Climbing (General Procedures)

Elementary - Curricular 2020

  • Consult Risk Management.
  • This activity page must be presented to the activity provider prior to the activity taking place. The activity provider must meet the minimum requirements listed on this page. For more information on planning trips using outside providers, consult Outside Activity Providers.

Equipment

  • Determine that all equipment is safe for use (for example, no sharp corners, cracks, or splinters). Students must be encouraged to report equipment problems to the teacher.

Refer to the First Aid section for first aid equipment requirements.

Clothing/Footwear/Jewellery

  • Appropriate clothing and footwear must be worn.
  • Long hair must be secured. Devices (for example, hair pins, elastics and barrettes) used to tie back long hair must not present a safety concern.

Facilities

  • Determine that all facilities are safe for use. Students must be encouraged to report facility problems to the teacher.
  • When running takes place off school site for a warm up:
    • Teachers must do a safety check ‘walk through’ in order to identify potential problems prior to initial use of route or course.
    • Teachers must outline to the students the route or course (for example, notice of areas to approach with caution) before the start of the run.
    • Teachers must determine that students are not crossing busy intersections unless directly supervised.

Environmental Considerations

  • When environmental conditions may pose a risk to student safety (for example, thunderstorms [lightning] or student(s) with asthma, triggered by air quality), teachers must take into consideration their school board/school’s protocols and procedures related to:
    • environmental conditions (consult Weather); and
    • insects (for example, mosquitoes and ticks [consult the school/school board’s protocols and/or regional Public Health Department’s website]).
  • Students must receive instruction on safety procedures related to environmental conditions and be made aware of ways to protect themselves (for example, sun burn, heat stroke).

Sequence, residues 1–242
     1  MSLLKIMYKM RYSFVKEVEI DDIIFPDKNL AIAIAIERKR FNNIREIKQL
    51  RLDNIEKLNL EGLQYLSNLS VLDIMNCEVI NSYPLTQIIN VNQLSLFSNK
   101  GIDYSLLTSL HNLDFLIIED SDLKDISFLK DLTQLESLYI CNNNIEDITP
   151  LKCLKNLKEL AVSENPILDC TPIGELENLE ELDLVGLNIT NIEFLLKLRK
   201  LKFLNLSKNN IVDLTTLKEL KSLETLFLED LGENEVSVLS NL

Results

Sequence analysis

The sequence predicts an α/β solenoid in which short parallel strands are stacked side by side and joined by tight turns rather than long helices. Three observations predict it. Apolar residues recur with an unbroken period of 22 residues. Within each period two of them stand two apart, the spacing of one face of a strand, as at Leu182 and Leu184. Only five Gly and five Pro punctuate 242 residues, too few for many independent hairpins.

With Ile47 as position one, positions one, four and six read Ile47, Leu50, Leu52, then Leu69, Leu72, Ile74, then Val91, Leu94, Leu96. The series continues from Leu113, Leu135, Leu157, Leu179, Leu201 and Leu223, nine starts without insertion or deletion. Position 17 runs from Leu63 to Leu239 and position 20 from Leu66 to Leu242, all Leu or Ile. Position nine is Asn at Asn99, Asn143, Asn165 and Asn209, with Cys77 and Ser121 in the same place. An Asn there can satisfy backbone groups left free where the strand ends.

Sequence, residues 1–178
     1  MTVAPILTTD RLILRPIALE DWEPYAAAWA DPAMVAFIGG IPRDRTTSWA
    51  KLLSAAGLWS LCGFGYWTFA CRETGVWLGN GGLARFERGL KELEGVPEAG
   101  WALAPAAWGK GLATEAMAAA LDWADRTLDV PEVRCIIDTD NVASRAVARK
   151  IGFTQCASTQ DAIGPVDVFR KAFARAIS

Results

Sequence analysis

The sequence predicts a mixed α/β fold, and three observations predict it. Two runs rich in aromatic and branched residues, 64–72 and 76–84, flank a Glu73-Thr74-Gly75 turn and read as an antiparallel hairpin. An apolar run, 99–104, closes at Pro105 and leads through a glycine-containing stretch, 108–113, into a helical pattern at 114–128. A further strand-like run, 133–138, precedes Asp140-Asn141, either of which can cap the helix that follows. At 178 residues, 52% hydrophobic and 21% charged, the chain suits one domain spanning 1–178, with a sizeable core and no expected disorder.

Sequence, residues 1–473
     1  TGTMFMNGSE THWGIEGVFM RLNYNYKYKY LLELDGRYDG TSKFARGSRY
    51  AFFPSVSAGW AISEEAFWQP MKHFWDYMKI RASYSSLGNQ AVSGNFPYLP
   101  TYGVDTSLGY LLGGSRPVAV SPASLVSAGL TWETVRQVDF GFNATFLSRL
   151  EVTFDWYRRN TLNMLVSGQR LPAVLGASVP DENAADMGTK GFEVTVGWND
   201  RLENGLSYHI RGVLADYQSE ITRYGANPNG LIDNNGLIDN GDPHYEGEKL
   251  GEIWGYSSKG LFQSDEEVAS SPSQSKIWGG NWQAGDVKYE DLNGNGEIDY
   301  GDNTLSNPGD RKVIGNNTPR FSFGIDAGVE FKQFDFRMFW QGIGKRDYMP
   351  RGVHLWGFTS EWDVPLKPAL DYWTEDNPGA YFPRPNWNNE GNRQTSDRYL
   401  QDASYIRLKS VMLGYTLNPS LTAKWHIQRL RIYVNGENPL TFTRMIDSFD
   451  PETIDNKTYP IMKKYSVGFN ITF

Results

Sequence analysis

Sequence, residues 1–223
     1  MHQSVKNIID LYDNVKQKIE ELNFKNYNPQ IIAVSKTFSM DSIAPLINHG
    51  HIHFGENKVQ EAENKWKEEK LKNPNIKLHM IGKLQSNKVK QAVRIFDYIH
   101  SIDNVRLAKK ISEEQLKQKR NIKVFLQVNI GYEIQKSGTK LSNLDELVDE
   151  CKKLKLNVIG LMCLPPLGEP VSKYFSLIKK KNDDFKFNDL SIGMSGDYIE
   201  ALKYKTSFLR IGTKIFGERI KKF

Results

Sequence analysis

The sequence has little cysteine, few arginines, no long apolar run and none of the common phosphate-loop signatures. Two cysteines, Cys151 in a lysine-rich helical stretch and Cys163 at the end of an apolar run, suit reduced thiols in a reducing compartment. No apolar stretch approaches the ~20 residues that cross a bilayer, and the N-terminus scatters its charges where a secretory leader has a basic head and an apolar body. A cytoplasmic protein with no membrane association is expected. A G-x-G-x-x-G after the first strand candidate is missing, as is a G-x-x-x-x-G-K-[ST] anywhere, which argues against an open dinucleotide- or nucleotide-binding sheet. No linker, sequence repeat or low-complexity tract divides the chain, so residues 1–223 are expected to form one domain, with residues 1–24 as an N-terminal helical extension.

• At all times the school board’s weather and insect procedures are the minimum standards. In situations where a higher standard of care is presented (for example, outside activity providers, facility/program coordinators), the higher standard of care must be followed.

Special Rules/Instructions

  • Be aware of students whose medical condition (for example, asthma, anaphylaxis, casts, previous concussion, orthopaedic device) may affect participation. Consult Medical Conditions.
  • Students must not participate in the activity until they receive information on concussion prevention specific to the activity, inherent risks of the activity (for example, outline possible risks and ways to minimize the risks), and procedures and rules for safe play. Students must receive instruction on the importance of reporting symptoms related to a suspected concussion.
  • Refer to the school board’s transportation procedures related to communicating with parents/guardians the location of an off-site activity and the means of transportation used as well as to the need for obtaining parent/guardian permission.
  • Adequate liquid replacement (personal water bottles, water fountains) must be accessible for students before, during, and after physical activity to prevent dehydration.
  • Teachers, prior to first lesson, must inform climbing instructor of students who have special needs (for example, behavioural management) or medical conditions that may influence full participation (for example, seizure disorder).
  • Risks involved with each activity and how to minimize the risk of an injury from occurring must be communicated to the students.
  • Teachers, instructors and students must be aware of safety procedures.
  • Prior to using a climbing activity provider for either on-site or off-site activities the following must take place:
    • Teacher must address school board policies
    • Activity provider must provide evidence of knowledge, expertise, certification (where applicable) in activity to be provided.
  • When students are participating in more than one activity, teachers/supervisors must refer to the activity page for each activity.